Dragalia Lost: Nintendo bets on dragons for its first built-from-scratch mobile game
nstead of relying on an all-star lineup of characters like Super Mario and Donkey Kong to generate buzz, Nintendo is betting on a completely unknown cast of heroes.
Nintendo Co.'s two-year old experiment in mobile gaming is heading for uncharted territory with Dragalia Lost, its first smartphone title featuring original characters rather than its established stars.
Co-developed with new partner CyberAgent Inc., the free-to-play game is debuting Thursday on Apple and Android devices in the US, Japan and Asia. Instead of relying on an all-star lineup of characters like Super Mario and Donkey Kong to generate buzz, Nintendo is betting on a completely unknown cast of heroes and a new fantasy world full of dragons.
That's a big gamble -- and the early signs are worrisome. Fewer than a million players have pre-registered to download Dragalia Lost. Nintendo's Super Mario Run for mobile devices notched up more than 20 million registrations prior to release in late 2016. Dragalia Lost will go live Thursday afternoon Japan time.
"Investors think it will be hard for original intellectual property to create a hit," said Hideki Yasuda, senior analyst at Ace Research Institute.
For years, Nintendo shunned games that would run on smartphones instead of its own consoles, but the mobile sector has become increasingly important to its financial results. With Nintendo's hybrid Switch console effectively combining two individual lines of business — handheld consoles like 3DS and home machines like the Wii — into one, Nintendo's ability to make up any revenue shortfall largely depends on growing earnings from smartphone games like Dragalia Lost.
Last month's 13-minute reveal video of Dragalia Lost generated a mostly muted reaction online. The presentation showed off vibrant graphics and a colourful cast of warriors and dragons who will join the player to defend a fictional kingdom against an evil force. But the video also detailed the game's emphasis on buying loot boxes, repetitive gameplay called grinding, and rewards for constantly opening the app.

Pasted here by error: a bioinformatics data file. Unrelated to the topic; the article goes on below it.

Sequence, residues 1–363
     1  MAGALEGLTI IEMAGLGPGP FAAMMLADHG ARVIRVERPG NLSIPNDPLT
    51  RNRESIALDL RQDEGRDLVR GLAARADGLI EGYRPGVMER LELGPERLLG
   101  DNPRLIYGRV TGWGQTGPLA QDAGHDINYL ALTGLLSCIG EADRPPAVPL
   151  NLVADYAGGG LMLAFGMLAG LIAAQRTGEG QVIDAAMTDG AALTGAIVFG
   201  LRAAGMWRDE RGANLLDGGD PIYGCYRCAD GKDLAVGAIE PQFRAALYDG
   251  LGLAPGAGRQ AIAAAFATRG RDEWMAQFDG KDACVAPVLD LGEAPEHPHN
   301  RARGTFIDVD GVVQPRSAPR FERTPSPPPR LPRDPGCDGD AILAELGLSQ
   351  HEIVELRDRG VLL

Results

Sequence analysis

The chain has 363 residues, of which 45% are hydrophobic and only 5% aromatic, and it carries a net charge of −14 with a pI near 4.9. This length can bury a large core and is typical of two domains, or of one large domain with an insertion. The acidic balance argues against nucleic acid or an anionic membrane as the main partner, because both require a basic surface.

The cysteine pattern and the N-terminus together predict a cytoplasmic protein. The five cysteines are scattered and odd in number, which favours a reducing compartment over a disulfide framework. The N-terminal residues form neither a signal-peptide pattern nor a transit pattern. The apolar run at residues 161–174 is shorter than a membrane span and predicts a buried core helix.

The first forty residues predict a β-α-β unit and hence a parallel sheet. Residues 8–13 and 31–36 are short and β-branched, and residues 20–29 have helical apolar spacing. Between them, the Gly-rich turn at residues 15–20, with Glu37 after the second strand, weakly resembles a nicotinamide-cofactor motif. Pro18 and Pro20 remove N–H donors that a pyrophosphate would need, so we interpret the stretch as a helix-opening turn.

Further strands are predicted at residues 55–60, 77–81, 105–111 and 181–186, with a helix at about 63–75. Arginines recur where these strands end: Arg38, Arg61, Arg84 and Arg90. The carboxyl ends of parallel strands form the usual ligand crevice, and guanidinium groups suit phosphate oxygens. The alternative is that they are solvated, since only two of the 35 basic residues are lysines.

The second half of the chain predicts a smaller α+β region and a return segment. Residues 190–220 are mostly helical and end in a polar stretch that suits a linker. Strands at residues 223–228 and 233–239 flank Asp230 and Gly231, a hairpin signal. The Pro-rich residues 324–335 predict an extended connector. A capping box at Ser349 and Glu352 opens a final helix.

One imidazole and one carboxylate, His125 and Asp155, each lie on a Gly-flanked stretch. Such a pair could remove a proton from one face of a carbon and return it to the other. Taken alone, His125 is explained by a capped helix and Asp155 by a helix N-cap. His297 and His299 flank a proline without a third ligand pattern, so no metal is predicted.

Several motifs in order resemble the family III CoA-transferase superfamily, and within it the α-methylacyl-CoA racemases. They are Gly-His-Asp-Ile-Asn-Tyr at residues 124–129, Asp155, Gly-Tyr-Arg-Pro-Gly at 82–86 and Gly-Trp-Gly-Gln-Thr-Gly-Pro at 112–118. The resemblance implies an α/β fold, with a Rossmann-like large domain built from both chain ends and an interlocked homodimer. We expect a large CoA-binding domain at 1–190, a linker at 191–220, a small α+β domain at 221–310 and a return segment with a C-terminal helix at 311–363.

"Nintendo has seen their brand image as safety and security," says Yasuda. "However, they aim to increase revenue this time."
In choosing its new partner, Nintendo is clearly pushing for more profit. CyberAgent is known for financially successful titles like GranBlue Fantasy that rely on aggressive monetization of users. In early 2016, the company's tactics came under fire after a player live-streamed himself spending about $6,000 over one evening to acquire a rare character.
Nintendo chose CyberAgent despite the controversy, with new President Shuntaro Furukawa saying he expects smartphones to generate 100 billion yen ($890 million) in annual revenue in the "near future."
"Smartphones are very important and I want to make it one of our profit pillars in the future," Furukawa told the Kyodo news service in June.
The deal with CyberAgent came after two subpar years with original mobile partner DeNA Co. The first smartphone title Super Mario Run failed to hit financial targets, despite early registrations, according to Nintendo executives. The second and third games had mixed results.
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